Wednesday, October 23, 2013

When Talk Shows Were Fun: Happy Birthday, Johnny Carson

I always seems kind of weird to mark the birthday of someone who has already died. But sometimes, you just have to, and today is one of those days.

Today is Johnny Carson's birthday. He was born on October 23, 1925, in Corning, Iowa. For those of you who are very young, or who have been out of touch for the past few decades, Carson was the host of "The Tonight Show" from October 1, 1962 until May 22, 1992, a run of just under thirty years, nearly unprecedented in American television, perhaps in television anywhere. He wasn't the first host of the show - he was preceded by both Steve Allen and Jack Paar - and it wasn't really a departure in form. Generally, he did a monologue, followed by some sort of comedy sketch, after which he would interview guests and, often, present a musical guest or a stand-up comedian. The guests were usually celebrities, although he did sometimes interview "regular" folks or people who did things that were of interest to him. Which is how astronomer Carl Sagan came to be a regular guest on "The Tonight Show". Carson was an avid amateur astronomer and was friends with Sagan, and invited him on the show numerous times. Carson's show is where Sagan's signature phrase, "billions and billions", became popular.

One of the highlights of the show were the sketches, where Carson took on a number of personas. My own personal favorite was Carnac the Magnificent, who appeared in a robe and an elaborate turban and "answered" questions that were sealed in envelopes. Other characters included Art Fern, the "Tea Time Movie" television host, and Aunt Blabby, an old lady who was supposed to be an expert on the affairs of the elderly and who would be interviewed by Carson's long-time sidekick, Ed McMahon.

The approval by Carson could make an stand-up comic's career. Carson would signal that approval by asking a comic to sit down in the interview chair for a few words after their performance on the show. Among the comics that received this stamp of approval from Carson were David Letterman, Roseanne Barr, Ellen DeGeneres, Tim Allen, and Robin Williams. Here's a clip of the invitation to sit that Carson extended to Robin Williams on Williams's first visit to "The Tonight Show" on October 14, 1981:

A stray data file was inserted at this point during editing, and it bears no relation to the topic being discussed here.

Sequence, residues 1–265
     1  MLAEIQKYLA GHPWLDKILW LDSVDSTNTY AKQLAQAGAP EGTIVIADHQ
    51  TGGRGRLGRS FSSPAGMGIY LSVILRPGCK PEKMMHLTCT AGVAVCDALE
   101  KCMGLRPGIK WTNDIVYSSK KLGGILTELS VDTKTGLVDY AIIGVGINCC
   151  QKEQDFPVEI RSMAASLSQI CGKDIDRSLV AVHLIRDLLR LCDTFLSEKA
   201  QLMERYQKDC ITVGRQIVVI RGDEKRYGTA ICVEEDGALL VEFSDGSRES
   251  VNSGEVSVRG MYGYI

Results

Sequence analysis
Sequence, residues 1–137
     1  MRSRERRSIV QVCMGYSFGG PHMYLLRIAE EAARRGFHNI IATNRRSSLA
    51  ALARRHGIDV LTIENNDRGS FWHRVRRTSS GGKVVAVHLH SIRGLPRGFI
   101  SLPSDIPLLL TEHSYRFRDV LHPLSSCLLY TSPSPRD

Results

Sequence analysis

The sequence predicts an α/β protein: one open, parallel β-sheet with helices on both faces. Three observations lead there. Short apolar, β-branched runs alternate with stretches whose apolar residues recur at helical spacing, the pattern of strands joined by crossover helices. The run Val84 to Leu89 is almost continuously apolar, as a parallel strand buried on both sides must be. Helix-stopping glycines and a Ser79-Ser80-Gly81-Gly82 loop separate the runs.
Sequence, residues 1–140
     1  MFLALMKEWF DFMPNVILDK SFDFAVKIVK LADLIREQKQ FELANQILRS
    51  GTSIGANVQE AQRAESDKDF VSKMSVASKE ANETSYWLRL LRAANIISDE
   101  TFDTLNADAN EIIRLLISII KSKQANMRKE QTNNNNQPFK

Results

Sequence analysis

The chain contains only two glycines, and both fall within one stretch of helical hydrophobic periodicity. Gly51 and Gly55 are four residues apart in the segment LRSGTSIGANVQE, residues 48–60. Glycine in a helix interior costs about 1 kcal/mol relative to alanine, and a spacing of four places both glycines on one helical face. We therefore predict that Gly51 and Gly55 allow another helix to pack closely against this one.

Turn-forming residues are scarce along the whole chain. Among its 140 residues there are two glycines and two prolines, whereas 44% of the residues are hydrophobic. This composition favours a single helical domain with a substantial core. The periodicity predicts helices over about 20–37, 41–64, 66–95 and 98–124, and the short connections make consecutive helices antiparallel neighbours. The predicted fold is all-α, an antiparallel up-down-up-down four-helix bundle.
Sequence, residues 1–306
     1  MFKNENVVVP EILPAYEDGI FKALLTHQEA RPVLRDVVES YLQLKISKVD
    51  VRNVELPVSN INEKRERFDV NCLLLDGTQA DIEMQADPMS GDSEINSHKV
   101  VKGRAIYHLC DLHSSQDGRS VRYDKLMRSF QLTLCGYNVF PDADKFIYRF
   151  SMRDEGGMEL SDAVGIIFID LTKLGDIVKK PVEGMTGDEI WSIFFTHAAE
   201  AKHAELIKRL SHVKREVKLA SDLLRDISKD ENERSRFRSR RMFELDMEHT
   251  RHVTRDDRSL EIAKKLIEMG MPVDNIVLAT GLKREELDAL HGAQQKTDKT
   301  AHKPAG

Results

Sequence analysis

The thing that really made the show, however, was Carson's easy rapport with his guests. Reportedly shy in his real life, Carson always seemed to be able to get anyone to talk to him and could seemingly hold a conversation on any subject. It was always relaxing to watch Carson, unlike some talk show hosts (and I won't name names) that are work to watch.

It was never work watching Johnny Carson host "The Tonight Show". It was relaxing. It was fun. And I it, and him. Maybe the jokes weren't always in the best of taste. And perhaps they seem dated if you watch clips from the show now. But it was late at night. The kids were supposed to be in bed. And, this was a show for adults (although I watched from a fairly young age, usually during the summer once I got a television in my bedroom and was allowed to stay up late enough to watch). This was as close to the edge as people could get on TV, before Saturday Night Life came along and before cable TV was a thing.

The point is, Johnny Carson did his job beautifully. I miss his brand of hosting, as opposed to the more forced, confrontational hosting of some of today's crop of late-night talk show hosts.

1 comment:

Gloria said...

Elaine, love this post. Johnny was truly "the man."